Pilot Pentland Firth and Orkney Waters Marine Spatial Plan. Strategic Environmental Assessment Post-Adoption Statement.

Strategic Environmental Assessment Post-Adoption Statement.

6 The Pilot Plan and the Consideration of Alternatives

6.1 Requirements

6.1.1 The 2005 Act requires that the potential for significant environmental effects of the reasonable alternatives to the draft Pilot Plan are assessed as part of the SEA process.

6.2 The Reasonable Alternatives

Development of Alternatives

6.2.1 As detailed in the Environmental Report, four options were identified early in the plan-making process. As the development of the Pilot Plan and its SEA progressed, and with the input of stakeholders via engagement processes and several stages of public consultation, these options also evolved.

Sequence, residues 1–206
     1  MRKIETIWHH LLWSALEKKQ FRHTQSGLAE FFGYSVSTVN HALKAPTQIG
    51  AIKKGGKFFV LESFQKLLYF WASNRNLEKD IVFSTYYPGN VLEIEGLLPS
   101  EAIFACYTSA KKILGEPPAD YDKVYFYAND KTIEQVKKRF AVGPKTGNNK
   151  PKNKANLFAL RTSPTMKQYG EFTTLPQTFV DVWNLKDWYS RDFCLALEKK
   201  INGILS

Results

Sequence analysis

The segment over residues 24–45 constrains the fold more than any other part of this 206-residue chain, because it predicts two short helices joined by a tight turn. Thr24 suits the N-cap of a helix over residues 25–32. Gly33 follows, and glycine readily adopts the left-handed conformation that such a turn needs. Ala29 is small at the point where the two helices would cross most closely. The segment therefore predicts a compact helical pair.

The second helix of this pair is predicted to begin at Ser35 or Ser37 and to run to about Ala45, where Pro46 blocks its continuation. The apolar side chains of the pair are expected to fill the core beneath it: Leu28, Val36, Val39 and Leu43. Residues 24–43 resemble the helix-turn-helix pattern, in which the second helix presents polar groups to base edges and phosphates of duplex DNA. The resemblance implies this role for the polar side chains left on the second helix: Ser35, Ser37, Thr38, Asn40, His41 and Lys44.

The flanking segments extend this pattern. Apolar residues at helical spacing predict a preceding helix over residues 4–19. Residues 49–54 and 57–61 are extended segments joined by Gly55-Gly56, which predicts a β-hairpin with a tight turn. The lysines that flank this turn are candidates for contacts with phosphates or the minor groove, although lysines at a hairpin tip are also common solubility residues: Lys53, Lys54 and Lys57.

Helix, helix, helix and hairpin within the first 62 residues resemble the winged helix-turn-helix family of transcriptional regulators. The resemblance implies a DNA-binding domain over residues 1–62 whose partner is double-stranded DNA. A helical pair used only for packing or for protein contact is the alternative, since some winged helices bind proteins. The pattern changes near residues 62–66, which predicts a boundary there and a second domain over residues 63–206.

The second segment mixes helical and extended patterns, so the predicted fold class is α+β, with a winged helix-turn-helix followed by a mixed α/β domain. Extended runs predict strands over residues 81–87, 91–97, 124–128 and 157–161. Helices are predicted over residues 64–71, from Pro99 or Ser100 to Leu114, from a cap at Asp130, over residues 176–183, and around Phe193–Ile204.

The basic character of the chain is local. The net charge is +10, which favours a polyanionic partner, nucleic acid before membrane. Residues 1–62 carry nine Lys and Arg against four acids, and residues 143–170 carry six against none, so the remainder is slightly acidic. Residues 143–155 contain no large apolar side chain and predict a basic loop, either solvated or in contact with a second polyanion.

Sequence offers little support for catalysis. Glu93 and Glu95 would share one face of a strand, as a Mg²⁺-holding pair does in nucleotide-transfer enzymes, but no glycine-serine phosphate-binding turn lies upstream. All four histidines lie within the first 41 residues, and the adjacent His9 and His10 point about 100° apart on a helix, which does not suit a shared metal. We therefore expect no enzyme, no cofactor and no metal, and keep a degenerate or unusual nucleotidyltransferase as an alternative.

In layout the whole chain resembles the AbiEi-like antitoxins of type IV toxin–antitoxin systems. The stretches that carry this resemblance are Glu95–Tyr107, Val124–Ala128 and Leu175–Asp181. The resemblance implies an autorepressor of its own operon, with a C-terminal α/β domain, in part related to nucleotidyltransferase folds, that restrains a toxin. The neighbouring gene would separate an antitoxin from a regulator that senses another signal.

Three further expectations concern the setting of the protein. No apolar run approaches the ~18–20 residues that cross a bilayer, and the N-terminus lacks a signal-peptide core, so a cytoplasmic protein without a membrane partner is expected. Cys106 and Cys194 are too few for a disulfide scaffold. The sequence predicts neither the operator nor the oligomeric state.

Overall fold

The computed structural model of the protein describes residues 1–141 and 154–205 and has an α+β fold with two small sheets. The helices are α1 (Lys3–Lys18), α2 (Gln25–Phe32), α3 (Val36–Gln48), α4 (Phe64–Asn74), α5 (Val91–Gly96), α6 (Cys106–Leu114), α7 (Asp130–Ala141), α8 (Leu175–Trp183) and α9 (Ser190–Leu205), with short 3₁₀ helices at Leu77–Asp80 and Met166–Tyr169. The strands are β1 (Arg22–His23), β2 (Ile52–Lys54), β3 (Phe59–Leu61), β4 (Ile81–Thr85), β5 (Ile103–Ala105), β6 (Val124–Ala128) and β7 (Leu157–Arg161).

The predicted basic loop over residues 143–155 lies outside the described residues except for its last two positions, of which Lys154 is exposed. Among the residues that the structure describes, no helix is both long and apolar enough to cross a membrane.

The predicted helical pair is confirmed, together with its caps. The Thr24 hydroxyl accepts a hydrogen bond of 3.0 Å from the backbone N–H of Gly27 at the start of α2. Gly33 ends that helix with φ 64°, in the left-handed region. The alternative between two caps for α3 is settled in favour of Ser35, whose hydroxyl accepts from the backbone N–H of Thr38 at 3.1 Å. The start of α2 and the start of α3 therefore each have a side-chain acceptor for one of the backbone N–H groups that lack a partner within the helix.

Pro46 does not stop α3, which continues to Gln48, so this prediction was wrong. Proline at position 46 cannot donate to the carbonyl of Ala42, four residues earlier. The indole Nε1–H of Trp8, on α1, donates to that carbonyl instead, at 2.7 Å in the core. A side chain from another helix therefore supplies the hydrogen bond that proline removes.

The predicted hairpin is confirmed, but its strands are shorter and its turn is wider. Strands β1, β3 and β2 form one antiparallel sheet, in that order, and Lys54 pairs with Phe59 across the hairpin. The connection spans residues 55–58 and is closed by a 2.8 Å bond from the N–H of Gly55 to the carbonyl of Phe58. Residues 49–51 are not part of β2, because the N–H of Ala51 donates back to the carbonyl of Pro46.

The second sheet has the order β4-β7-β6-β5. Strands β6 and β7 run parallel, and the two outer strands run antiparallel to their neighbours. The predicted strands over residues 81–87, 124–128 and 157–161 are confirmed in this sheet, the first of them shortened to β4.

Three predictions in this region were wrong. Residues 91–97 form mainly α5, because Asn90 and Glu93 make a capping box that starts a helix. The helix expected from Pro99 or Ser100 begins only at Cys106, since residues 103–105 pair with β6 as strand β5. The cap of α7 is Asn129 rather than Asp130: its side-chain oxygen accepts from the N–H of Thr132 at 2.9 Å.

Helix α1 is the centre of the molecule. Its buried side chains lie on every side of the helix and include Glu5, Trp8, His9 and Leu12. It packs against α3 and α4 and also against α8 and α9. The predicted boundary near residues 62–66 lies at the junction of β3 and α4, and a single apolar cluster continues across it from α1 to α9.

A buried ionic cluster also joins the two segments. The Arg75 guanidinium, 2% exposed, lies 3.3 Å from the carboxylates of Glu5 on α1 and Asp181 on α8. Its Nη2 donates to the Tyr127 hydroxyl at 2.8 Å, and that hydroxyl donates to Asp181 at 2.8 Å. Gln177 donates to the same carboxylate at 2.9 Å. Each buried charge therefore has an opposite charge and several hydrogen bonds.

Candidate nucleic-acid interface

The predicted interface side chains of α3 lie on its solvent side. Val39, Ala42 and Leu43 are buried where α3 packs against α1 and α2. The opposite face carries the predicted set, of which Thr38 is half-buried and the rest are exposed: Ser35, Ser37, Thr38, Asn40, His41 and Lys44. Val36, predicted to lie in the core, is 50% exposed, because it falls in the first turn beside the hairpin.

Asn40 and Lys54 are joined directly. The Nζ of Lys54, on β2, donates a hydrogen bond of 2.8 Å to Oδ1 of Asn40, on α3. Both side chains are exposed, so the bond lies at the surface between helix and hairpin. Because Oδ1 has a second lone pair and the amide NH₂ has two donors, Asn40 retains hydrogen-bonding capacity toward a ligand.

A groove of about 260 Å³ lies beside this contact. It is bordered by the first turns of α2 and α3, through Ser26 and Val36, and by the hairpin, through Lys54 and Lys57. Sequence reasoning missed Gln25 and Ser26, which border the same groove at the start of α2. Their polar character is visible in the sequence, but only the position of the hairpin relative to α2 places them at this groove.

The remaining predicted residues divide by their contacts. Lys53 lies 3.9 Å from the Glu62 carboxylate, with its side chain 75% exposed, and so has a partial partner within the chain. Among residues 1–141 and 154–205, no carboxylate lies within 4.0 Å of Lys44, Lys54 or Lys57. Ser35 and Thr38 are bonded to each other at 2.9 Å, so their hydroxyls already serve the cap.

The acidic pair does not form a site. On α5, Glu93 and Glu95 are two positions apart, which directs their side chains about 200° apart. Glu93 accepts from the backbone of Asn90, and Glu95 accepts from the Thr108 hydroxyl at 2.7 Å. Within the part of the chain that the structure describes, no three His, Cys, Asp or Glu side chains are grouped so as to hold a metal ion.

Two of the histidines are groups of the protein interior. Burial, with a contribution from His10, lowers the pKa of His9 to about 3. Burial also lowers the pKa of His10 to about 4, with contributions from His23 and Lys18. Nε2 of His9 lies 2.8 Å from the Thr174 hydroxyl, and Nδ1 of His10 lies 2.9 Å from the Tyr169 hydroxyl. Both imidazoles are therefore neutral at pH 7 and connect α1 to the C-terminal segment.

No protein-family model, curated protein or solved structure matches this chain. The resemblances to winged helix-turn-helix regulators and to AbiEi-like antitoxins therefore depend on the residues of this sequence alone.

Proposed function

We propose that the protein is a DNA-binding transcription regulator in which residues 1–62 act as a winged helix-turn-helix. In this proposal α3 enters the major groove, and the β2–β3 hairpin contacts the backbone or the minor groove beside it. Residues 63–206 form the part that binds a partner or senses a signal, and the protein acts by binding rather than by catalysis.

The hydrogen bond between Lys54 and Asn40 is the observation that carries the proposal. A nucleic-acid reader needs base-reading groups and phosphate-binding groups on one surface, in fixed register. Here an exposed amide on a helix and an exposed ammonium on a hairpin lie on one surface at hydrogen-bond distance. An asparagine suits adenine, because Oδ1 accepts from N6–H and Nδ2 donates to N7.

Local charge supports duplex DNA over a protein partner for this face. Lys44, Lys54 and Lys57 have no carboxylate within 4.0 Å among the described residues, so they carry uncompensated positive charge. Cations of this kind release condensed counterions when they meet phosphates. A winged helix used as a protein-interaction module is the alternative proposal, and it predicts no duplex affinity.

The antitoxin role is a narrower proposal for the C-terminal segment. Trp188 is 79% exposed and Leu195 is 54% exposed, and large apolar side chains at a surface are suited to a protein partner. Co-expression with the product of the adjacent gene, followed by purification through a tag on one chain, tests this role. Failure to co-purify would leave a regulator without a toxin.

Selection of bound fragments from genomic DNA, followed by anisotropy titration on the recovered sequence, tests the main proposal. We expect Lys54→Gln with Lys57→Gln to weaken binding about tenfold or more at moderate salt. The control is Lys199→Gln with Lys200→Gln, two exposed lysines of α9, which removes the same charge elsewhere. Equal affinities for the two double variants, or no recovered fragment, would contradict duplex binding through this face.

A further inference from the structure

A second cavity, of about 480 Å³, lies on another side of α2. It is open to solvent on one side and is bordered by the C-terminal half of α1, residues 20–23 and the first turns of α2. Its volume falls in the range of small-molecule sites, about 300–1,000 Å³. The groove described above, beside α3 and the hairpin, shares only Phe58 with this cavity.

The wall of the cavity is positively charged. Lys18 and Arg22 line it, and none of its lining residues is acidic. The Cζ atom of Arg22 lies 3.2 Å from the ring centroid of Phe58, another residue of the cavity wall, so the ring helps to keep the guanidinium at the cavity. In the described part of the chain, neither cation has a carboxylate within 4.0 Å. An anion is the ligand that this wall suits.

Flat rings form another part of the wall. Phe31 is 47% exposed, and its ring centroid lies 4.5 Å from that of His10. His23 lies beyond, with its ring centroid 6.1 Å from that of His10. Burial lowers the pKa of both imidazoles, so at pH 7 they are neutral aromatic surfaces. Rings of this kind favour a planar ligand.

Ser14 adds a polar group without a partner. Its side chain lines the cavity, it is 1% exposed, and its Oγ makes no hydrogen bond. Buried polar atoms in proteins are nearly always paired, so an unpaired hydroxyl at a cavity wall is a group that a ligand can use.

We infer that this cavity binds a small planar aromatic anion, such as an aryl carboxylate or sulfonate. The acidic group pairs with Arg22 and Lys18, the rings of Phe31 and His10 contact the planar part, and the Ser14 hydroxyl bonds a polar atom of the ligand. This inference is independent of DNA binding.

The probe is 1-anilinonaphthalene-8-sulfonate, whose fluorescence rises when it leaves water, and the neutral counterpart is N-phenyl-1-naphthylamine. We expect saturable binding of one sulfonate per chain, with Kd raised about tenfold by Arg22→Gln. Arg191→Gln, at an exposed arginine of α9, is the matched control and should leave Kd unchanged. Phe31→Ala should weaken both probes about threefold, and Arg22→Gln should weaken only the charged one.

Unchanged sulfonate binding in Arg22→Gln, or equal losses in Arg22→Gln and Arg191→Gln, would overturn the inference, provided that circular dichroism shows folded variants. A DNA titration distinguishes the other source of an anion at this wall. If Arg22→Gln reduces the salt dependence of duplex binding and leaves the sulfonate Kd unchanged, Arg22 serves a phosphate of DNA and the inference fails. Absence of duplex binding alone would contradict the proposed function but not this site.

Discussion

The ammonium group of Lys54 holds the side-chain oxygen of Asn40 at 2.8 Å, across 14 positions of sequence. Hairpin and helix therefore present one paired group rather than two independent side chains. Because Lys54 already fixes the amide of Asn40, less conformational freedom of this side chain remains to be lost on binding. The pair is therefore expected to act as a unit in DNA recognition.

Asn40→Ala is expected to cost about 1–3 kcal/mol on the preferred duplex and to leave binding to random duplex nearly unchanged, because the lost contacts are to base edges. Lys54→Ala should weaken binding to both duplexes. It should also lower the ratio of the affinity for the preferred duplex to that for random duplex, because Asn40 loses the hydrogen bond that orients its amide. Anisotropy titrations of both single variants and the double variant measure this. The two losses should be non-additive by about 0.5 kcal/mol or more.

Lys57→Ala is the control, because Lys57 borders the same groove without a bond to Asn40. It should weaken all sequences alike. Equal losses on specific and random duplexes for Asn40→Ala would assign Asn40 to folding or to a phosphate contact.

6.2.2 In accordance with the requirement of the 2005 Act, the SA explored the implications and likelihood of environmental effects of several possible alternatives to the approach set out in the draft Pilot Plan. However, it also considered the potential for socio-economic and environmental effects of adopting a range of alternatives to aspects of the Plan; many of which were incorporated into its development as the process evolved.

6.2.3 The four broad reasonable alternatives identified in the development of the draft Pilot Plan were:

  • Do not develop a Pilot Plan - this alternative considered not preparing a Pilot Plan but rather proceeding directly with the development of the Orkney and North Coast Regional Marine Plans under the 2010 Act. It also included an option involving to the potential development of separate Pilot Plans for the Orkney and North Coast regions to inform the development of these regional plans.